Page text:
To cover for this blatant act of price fixing, the smugglers wrapped themselves in the “No taxation without representation” moniker, conveniently noting that the phrase made no reference to raising or lowering taxes, just the right to raise them at all. But not all the Founding Fathers were quite so delirious about this brainstorm. Among them, Ben Franklin, offered to have the colonies repay the British for the lost tea (a considerable sum). He was turned down, and the dispute continued to fester.

So next time, you hear a Tea Party supporter complaining that his taxes are way too high, remember that his brave namesakes back in 1773, were actually complaining that the taxes were too, ahem, low.

Ah, those “mythmakers”. You gotta love ’em.

Written by coolrebel

November 4, 2010 at 4:15 am

Transformative. This Week’s Word Du Jour.

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Every week we’re presented with a new word du jour. This week it’s “Transformative”, as in, “wow, that election was way transformative.” The herd of sheep that used to be the Press have made it their own and now it’s everywhere, replacing such gems as “game-changer”, “meltdown”, and “bailout”.

Don’t get me wrong, I’m as happy as anyone that the GOP brats can no longer continue trying to drown the puppy that is the United States. But let’s not be too hasty about how “transformative” this election was. Perhaps a little trip down memory lane might help.

Cast your mind back to early September when Sarah Palin was doing her pitbull thing at the GOP Convention in St. Paul. Seems like so long ago, but after that performance, McCain’s numbers spiked and all of us got just a little panicky. Was Obama’s message weak? Was the campaign going to adjust? To their credit, the Obama people told us to chill. They said they had a plan.

I think Axelrod and Plouffe ran an outstanding campaign, but I doubt the Obama campaign “planned” for the credit crisis that hit on September 15th when Lehman Brothers was misguidedly allowed to fail after Fannie and Freddie were bailed out. I doubt they planned for the utter mismanagement of the credit crisis that followed, in which a wave of panic threw everyone’s 401Ks into the pit of the storm. It’s unlikely that they planned for the market panic, the ineptitude of the bailout package, or the GOP’s backslide at the last minute. The electorate went from concern about the economy to utter panic, and the result was that Obama’s cool demeanor gave him traction, and McCain’s fearmongering got him nowhere.

The election might have been very different without the economic catastophe. The voters would have been far more receptive to McCain’s populism. It’s hard to see how Virginia or North Carolina would have been in play. It’s hard to see how Pennsylvania would not have been. Calling Florida and Ohio would have been very difficult indeed. My guess is that the polls would have shown a 1-2% lead for Obama at best. He probably would have squeaked out the win because of the power of his ground game, but maybe not. And if he had won by a point would we be talking “transformative”? No, we would be heaving a huge sigh of relief that we’d avoided 8 more years of the GOP nightmare.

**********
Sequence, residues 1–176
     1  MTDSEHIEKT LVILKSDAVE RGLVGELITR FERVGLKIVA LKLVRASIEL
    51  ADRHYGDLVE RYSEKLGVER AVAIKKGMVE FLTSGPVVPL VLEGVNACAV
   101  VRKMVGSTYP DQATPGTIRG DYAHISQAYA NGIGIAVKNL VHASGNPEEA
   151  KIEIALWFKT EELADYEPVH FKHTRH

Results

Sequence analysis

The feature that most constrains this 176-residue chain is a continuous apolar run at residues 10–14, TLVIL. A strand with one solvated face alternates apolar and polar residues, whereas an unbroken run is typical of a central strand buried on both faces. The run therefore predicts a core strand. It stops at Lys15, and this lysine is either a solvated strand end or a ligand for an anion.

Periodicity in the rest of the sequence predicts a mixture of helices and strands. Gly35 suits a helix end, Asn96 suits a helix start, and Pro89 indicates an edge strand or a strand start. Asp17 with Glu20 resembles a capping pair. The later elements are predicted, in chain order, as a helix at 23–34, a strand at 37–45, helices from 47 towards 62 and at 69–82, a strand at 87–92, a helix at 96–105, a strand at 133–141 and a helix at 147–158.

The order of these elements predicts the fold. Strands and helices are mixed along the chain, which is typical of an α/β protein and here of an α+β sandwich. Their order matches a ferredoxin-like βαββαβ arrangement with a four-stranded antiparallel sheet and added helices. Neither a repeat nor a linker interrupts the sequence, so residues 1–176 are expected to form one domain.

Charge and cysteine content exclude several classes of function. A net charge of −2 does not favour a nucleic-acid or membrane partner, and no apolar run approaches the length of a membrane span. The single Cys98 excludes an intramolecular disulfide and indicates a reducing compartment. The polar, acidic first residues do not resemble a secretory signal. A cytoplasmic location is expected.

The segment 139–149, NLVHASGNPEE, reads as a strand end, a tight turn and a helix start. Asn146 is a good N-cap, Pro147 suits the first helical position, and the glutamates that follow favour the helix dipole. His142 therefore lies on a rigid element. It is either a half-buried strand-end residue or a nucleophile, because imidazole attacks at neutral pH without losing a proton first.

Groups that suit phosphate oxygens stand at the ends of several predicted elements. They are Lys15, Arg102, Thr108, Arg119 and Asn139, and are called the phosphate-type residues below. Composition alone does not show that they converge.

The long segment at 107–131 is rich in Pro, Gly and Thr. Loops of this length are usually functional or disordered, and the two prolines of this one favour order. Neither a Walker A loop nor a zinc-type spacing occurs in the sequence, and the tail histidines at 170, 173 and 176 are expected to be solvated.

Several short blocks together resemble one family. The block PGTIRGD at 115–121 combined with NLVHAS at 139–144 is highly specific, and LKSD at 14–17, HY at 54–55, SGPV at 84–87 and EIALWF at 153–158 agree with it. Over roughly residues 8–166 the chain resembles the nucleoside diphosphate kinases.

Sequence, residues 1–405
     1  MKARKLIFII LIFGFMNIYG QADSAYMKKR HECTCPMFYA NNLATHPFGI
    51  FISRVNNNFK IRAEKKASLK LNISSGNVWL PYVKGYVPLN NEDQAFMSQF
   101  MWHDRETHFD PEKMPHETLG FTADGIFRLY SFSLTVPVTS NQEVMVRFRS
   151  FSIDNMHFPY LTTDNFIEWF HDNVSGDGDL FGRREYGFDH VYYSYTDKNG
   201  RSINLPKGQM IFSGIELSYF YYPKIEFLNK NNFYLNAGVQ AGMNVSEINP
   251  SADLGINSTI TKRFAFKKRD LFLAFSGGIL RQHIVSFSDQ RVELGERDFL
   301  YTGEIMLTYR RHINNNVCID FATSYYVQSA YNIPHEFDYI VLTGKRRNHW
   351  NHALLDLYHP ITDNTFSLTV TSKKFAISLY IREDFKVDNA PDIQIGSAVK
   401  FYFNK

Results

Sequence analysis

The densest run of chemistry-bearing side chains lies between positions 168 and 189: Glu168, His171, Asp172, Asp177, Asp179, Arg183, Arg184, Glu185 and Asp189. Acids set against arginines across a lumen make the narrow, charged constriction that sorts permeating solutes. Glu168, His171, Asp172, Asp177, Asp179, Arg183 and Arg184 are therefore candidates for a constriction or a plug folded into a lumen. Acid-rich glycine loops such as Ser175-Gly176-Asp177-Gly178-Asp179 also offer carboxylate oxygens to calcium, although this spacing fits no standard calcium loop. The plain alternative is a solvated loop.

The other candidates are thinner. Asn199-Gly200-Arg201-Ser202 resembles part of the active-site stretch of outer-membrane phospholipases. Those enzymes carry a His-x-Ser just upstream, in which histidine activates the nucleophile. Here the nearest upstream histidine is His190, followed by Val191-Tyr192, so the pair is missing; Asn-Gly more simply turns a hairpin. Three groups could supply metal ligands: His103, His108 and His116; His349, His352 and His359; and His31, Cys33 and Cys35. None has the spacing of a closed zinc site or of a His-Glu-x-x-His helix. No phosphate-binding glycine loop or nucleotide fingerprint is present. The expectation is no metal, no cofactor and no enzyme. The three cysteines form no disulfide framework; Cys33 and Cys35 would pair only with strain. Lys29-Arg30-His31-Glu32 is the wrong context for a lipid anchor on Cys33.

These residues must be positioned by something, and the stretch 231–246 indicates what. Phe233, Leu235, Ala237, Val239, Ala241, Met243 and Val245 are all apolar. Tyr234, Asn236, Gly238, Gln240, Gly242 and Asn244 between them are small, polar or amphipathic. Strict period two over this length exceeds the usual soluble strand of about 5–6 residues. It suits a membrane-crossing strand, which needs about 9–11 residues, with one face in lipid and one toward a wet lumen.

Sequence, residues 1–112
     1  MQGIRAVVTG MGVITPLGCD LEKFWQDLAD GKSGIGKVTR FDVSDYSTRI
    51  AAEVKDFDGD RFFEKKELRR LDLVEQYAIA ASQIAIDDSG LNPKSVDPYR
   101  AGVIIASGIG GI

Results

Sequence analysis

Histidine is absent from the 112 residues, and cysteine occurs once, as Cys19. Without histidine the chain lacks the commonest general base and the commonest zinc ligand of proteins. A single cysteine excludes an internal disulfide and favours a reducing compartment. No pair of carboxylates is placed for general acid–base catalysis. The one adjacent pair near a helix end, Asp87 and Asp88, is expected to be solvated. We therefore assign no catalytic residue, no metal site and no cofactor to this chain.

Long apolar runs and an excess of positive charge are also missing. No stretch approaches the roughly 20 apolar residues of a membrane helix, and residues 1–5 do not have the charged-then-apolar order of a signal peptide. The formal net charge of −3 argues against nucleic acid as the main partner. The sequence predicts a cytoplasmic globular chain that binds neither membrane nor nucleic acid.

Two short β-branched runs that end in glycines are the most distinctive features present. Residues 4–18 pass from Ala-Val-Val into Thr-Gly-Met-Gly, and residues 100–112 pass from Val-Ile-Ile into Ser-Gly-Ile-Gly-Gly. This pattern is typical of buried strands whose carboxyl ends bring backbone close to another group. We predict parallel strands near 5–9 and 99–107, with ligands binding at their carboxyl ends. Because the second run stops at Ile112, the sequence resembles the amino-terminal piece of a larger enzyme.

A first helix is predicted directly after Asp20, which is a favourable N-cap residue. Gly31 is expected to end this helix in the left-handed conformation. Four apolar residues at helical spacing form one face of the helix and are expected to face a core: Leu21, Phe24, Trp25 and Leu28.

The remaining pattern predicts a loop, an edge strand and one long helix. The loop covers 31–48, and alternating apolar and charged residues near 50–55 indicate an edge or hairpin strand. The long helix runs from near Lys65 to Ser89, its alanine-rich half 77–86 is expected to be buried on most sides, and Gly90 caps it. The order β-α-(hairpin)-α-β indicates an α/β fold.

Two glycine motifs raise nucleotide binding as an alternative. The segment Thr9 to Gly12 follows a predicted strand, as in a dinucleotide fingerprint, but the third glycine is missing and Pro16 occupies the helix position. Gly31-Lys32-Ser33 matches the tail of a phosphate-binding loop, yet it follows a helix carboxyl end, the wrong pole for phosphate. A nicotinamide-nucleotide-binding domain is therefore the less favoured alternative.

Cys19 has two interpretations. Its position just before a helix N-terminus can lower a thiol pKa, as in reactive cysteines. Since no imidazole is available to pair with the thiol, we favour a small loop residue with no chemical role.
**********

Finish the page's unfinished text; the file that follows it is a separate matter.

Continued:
Obama was a truly great candidate for President and nobody else could have been as effective, but let’s not forget he got really lucky. We’ve already dealt with the economy, but just for fun let’s just list the other ways;

  • The “Macaca” Incident

On August 11, 2006, Senator George Allen of Virginia twice used the term “Macaca”, a racist slur against a Democratic campaign worker filming him at a rally. The video made it onto YouTube, and a storm began. Caught between alienating his base by apologizing, and disgusting the North Virginia moderates, Allen rolled the dice and refused to admit the slur, judging that his support in the backwoods would be enough to carry the day against the DC Suburbs. He was wrong by 9,309 votes. And with his loss went the obvious Presidential nominee, a bullish but charismatic senator, who could appeal to moderates, while holding impeccable right-wing credentials. Allen against Obama could have been very different.

  • Steve Schmidt

When McCain handed over control of this campaign to the dark side, he made a faustian bargain with the base of the party which never liked him. But if he’d stuck to his guns and faced down the Christian right who threatened a floor fight at the convention if he chose Tom Ridge for example, he would have been in a far better position with moderates. It would have been a truly “Mavericky” moment to watch him lash out at the Evangelicals, and isolating them as he took control of the GOP in one fell swoop. Sure a segment of the base would have been outraged, but far more would have been impressed by McCain’s true grit. That would have set him up nicely to claim the center as Republicans need to do to win.

  • Palin

As a corrollary of McCain’s weakness was his ridiculous decision to add Sarah Palin as his running mate. Her failure to deliver moderates has been well-documented. But she was the power behind the upswing in GOP numbers after their convention, totally defusing Obama’s tour de force in Denver a few nights before. For days she struck fear into Democrat hearts. What turned her into a liability can be summed up in one word. Couric. Never has a more inane interview been more damaging. It was a disaster. It’s been rumored that she refused to prepare for that moment. If she had things might have been very different.

No Credit Crisis, No Macaca, No Steve Schmidt, No Palin. And the result no “transformative”.

History might look at this race very differently.

Written by coolrebel

November 8, 2008 at 4:26 pm